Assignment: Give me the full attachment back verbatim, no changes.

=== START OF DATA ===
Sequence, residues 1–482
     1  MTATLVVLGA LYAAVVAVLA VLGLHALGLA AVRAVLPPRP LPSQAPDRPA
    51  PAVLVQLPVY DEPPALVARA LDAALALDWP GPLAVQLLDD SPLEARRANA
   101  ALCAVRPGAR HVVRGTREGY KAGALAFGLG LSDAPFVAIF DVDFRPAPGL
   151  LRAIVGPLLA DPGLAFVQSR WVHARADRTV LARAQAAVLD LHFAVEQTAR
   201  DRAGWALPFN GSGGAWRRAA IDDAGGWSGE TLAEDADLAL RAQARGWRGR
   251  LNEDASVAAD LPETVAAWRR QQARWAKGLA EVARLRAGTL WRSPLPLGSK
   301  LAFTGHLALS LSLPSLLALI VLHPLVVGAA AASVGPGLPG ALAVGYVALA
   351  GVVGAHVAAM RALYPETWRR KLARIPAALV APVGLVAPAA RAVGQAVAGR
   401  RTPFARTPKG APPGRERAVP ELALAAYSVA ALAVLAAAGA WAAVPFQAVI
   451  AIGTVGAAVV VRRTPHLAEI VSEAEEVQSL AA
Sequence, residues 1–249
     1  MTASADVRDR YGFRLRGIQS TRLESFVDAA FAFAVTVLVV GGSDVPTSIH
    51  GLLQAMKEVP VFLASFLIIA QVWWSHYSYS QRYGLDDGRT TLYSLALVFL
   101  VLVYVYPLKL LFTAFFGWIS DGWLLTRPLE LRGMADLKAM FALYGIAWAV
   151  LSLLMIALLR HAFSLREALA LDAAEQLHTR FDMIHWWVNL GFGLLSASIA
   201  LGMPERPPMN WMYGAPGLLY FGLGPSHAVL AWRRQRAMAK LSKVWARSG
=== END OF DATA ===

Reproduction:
Sequence, residues 1–482
     1  MTATLVVLGA LYAAVVAVLA VLGLHALGLA AVRAVLPPRP LPSQAPDRPA
    51  PAVLVQLPVY DEPPALVARA LDAALALDWP GPLAVQLLDD SPLEARRANA
   101  ALCAVRPGAR HVVRGTREGY KAGALAFGLG LSDAPFVAIF DVDFRPAPGL
   151  LRAIVGPLLA DPGLAFVQSR WVHARADRTV LARAQAAVLD LHFAVEQTAR
   201  DRAGWALPFN GSGGAWRRAA IDDAGGWSGE TLAEDADLAL RAQARGWRGR
   251  LNEDASVAAD LPETVAAWRR QQARWAKGLA EVARLRAGTL WRSPLPLGSK
   301  LAFTGHLALS LSLPSLLALI VLHPLVVGAA AASVGPGLPG ALAVGYVALA
   351  GVVGAHVAAM RALYPETWRR KLARIPAALV APVGLVAPAA RAVGQAVAGR
   401  RTPFARTPKG APPGRERAVP ELALAAYSVA ALAVLAAAGA WAAVPFQAVI
   451  AIGTVGAAVV VRRTPHLAEI VSEAEEVQSL AA
Sequence, residues 1–249
     1  MTASADVRDR YGFRLRGIQS TRLESFVDAA FAFAVTVLVV GGSDVPTSIH
    51  GLLQAMKEVP VFLASFLIIA QVWWSHYSYS QRYGLDDGRT TLYSLALVFL
   101  VLVYVYPLKL LFTAFFGWIS DGWLLTRPLE LRGMADLKAM FALYGIAWAV
   151  LSLLMIALLR HAFSLREALA LDAAEQLHTR FDMIHWWVNL GFGLLSASIA
   201  LGMPERPPMN WMYGAPGLLY FGLGPSHAVL AWRRQRAMAK LSKVWARSG